Ukrainian President Volodymyr Zelenskyy’s personal and powerful addresses to Canadian Parliament and US Congress over the last two days are hitting close to home for Saskatoon’s Ukrainian community.

On Tuesday, Zelenskyy reiterated calls for Canada to implement a no-fly zone over his country.

“Close the airspace. Please stop the bombing. How many missiles have to fall on our cities until you make this happen?” he said to parliamentarians.

Ukrainians in Saskatoon are echoing those calls.

Vitalii Kushnir immigrated to Saskatoon from Ukraine in 2007, leaving behind friends and family who are still there today.

“My friends in Mariupol, I have a lot of friends, they send me pictures and it’s just crying on my heart to see all this stuff,” he told CTV News.

“It’s firing me from the inside to see what Russians do in my country. Their goal just to destroy our nation, wipe out from the Earth.”

Kushnir said Ukraine’s ongoing conflict with Russia is why he decided to leave 15 years ago.

“That tension between Russia and Ukraine we have 300 years. I came (to Canada) just to live quiet life because I’m tried in Ukraine live under Russian influence.”

Kushnir owns and runs Smak Ukrainian Store in Saskatoon and Yorkton.

He and his staff are collecting donations of humanitarian aid like dry food and medicine, and sending a portion to Ukraine each day. They are also accepting financial donations.

Kushnir said his biggest concern is that people in Ukraine are starving to death — something he feels a no-fly zone can help with.

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“To stop starvation in Mariupol, we need to close the sky. This is a main point what we need to do right now because they bombing without non-stop.”

Pat Tymchatyn, vice president of the Ukrainian Canadian Congress (UCC) Saskatoon branch, also agrees with Zelenskyy’s calls for more action from western counties.

“Without closing the skies, it’s not an army against an army. It’s an army against civilians who have no means of protecting themselves and protecting their children or protecting their elderly,” she said.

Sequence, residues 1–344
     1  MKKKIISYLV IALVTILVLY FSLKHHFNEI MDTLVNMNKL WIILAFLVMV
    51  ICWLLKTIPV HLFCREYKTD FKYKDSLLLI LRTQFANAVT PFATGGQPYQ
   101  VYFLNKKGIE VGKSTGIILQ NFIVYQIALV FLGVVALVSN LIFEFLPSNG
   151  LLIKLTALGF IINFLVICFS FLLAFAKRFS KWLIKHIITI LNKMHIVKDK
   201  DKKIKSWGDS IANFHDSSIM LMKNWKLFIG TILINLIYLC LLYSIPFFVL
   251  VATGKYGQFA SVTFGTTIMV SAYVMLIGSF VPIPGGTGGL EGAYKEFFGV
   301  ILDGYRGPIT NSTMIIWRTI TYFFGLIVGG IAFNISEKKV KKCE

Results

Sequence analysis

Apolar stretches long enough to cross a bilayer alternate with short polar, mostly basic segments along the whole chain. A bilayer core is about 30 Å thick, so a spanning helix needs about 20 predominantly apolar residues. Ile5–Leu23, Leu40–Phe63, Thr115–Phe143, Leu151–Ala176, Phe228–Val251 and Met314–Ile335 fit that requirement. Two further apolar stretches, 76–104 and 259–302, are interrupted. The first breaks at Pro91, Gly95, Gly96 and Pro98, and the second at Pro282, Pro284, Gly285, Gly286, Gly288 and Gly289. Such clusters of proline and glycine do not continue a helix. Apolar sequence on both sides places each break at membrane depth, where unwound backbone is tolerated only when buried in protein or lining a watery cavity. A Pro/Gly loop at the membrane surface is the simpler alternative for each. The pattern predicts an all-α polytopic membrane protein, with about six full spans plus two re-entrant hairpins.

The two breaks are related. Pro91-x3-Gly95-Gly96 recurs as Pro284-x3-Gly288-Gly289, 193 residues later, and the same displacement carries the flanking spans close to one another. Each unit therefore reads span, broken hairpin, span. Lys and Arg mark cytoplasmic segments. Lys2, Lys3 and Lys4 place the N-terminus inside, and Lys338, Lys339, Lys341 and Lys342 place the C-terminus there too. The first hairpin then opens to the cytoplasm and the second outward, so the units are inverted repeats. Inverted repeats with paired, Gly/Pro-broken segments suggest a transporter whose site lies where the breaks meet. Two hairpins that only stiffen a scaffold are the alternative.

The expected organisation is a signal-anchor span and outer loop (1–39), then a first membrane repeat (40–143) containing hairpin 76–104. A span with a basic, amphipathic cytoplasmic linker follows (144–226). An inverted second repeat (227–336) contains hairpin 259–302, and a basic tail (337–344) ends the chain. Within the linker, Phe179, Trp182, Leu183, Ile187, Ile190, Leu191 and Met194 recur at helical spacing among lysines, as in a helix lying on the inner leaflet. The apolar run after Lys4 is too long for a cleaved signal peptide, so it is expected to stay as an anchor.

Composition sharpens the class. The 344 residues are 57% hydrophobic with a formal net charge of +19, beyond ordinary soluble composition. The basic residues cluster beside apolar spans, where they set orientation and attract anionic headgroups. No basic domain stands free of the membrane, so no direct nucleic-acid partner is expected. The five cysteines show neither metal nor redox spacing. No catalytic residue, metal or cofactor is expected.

“Each one of us is responsible to do something to help Ukraine and if we aren’t helping Ukraine, then we are actually helping Putin because our silence means that we agree with what Putin is doing to Ukraine.”

However, Colleen Bell, an associate professor of international politics at the University of Saskatchewan, said it isn’t as easy as that.

Bell said if NATO were to create a full or limited no-fly zone over Ukraine, it would make NATO and NATO countries combatants in war.

She said up until now, NATO countries have been toeing the line of providing supplies to Ukraine and replenishing existing capabilities that Ukraine has without adding new ones.

“The declaration of a no-fly zone is an entirely new capability. It would happen in what is already defined as a battle-space and therefore, it would essentially be tantamount to NATO going to war with Russia, so it is probably tantamount to World War Three.”

For now, Kushnir is continuing to call on Canadians to do what they can from here by donating and creating awareness.

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He said 10 per cent of any purchases made at Smak Ukrainian Store will go towards supporting Ukraine.

“Our task to protect our homeland, protect people in any way which we can,” he said.

UCC in Saskatoon is collecting donations to provide people who are guarding their villages and towns from saboteurs with better protective gear.

Nationally, UCC has a humanitarian fund to which people can contribute.


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